1. Go to Google Drive and open up a new document. Title it Altered Book and your name.
2. Share it with Ms. Garvoille firstname.lastname@example.org
3. Add your MLA format header
4. Double Space your document, make it 12-point font, and Times New Roman
5. Write down your theme under the header and center it.
6. Write an introduction paragraph that ends with your theme. Start with a connection to everyday life, then introduce the name of the novel and the author, explain how the theme comes up in the novel, and finally state your thesis. It should be something like “In The Outsiders, [theme].”
Here’s an example:
Though we all read novels about times, places, and values completely different from our own, we nonetheless usually find ourselves relating to the situations and characters. In S. E. Hinton’s young adult classic The Outsiders, the main character and narrator Ponyboy does just this. Throughout the novel, we are treated to his reading list: Dickens’s Great Expectations, Frost’s “Nothing Gold Can Stay,” Mitchell’s Gone with the Wind. But each time Ponyboy mentions reading one of these texts he focuses not on understanding the text in itself, but rather in using the text as a way to comprehend his own difficult situation. In The Outsiders, the purpose of reading literature is to understand yourself, if not the text.
7. Write four paragraphs, one for your cover and then one for each art piece in your book. Your paragraph should explain how your visual choices connect with your theme. Each paragraph should include:
- A topic sentence: the first sentence, which explains the overall connection between your theme and the page.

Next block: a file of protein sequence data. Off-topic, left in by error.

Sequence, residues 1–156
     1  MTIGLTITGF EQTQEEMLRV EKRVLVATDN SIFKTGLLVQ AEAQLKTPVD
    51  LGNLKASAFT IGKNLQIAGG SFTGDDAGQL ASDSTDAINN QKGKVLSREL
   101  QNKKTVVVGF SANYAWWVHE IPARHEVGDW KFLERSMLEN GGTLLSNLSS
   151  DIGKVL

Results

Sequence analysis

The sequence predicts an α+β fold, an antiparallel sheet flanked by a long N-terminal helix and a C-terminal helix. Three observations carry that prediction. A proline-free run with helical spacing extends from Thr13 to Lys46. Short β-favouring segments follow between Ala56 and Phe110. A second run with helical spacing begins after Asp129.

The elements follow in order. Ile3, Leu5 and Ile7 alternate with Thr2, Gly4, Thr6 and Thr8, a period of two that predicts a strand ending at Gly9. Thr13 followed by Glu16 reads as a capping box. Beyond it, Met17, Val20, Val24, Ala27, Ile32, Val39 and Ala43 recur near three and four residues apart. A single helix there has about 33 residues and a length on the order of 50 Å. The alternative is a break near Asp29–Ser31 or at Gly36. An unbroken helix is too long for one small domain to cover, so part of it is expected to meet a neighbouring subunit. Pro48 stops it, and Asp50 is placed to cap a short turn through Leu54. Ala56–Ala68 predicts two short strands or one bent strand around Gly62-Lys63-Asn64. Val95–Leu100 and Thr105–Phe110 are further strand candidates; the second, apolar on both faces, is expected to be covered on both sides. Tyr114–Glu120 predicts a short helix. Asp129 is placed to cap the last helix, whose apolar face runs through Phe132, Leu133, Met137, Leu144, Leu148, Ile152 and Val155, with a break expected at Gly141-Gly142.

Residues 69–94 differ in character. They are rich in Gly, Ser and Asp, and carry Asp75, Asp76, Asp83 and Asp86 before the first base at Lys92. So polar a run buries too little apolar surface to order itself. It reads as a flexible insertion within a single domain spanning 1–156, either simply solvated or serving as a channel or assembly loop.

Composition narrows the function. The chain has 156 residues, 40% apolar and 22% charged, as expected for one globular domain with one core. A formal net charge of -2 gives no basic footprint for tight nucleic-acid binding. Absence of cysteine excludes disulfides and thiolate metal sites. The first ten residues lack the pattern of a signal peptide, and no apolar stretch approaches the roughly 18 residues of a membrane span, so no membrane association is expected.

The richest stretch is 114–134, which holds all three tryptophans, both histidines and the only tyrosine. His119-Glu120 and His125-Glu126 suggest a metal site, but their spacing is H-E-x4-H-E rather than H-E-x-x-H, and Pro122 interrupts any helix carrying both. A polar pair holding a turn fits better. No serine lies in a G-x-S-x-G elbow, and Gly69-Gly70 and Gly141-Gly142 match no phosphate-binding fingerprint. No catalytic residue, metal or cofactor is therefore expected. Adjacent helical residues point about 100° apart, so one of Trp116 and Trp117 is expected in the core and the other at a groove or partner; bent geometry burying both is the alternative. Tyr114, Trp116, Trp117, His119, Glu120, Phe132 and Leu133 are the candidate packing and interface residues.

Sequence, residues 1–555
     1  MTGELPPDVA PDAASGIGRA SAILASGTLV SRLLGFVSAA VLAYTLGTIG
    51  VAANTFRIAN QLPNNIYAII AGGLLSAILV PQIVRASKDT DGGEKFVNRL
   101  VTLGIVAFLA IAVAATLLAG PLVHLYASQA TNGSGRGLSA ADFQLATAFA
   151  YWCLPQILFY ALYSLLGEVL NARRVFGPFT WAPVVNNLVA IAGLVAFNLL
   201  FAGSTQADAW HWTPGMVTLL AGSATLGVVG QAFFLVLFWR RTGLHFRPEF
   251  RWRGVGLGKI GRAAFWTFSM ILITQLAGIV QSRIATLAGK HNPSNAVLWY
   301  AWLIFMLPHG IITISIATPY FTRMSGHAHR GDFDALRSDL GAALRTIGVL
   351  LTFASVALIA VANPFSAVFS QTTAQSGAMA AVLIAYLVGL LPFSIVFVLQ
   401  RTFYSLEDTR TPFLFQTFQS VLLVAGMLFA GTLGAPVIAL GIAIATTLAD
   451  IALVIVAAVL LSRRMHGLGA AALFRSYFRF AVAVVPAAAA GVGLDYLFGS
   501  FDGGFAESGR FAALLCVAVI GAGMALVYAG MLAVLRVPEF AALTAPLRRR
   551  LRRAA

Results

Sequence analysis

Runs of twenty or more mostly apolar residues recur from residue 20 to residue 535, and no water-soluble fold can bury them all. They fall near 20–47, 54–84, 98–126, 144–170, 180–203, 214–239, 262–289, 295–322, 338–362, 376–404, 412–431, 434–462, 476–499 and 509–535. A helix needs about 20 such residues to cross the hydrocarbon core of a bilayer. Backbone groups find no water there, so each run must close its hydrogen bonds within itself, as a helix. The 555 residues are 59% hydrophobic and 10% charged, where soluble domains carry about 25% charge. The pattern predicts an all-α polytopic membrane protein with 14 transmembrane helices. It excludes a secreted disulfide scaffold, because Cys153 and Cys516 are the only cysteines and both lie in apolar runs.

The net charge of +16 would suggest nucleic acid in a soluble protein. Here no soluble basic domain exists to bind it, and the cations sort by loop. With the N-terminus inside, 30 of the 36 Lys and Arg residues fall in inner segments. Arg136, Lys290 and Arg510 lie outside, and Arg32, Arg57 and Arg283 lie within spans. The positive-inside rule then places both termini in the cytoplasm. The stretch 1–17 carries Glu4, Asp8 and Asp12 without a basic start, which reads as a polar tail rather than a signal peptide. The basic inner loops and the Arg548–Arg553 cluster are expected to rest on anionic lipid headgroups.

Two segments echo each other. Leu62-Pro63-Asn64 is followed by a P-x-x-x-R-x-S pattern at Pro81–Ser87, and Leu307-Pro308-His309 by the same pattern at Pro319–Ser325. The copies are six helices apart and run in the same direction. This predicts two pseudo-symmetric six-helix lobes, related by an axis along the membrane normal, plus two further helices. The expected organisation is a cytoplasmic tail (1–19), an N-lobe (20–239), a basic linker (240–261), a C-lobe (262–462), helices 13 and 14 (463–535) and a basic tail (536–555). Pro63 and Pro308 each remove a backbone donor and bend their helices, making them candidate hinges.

- An explanation of how a quote on the page relates to your theme
- An explanation of how three visual details connect to your theme
Here’s an example:
My first art piece includes a found poem that explores the connections between imagination, particularly reading, and reality. Ponyboy’s powerful imagination helps him connect his life to the novels he reads. Whereas other characters use their heads for more everyday practical purposes, Ponyboy uses his to imagine how he is like a character in a novel. I created a found poem by blacking out words of the text because when Ponyboy reads he figuratively blacks out the parts that don’t relate to his life. The found poem I made starts “flipping away, I’m Nightly to hunt action,” meaning that Ponyboy finds action by “flipping” through books as he reads at night. The poem suggests that as he reads, he contrasts the life he wishes to have (“fine china / a real good home / a real nice girl”) with the life he does have (“we were dirt / Grease / mean / arrested / run out”). Ponyboy uses literature to better understand himself by comparing his situation with Pip’s from Great Expectations. One of the lessons Ponyboy learns from Pip is that no matter how you see yourself in your mind or imagination, others always have the power to put you down. The words of the poem are highlighted in yellow to connect Ponyboy’s thoughts about literature to his real-life problem: the yellow-wearing “cute girl” in his biology class tells him he’s “a hood” even though Ponyboy thinks of himself as intelligent (“I’m supposed to be smart”) (15). Even though Ponyboy doesn’t get past the eighth chapter of Great Expectations, Dickens helps him understand how people can judge you incorrectly.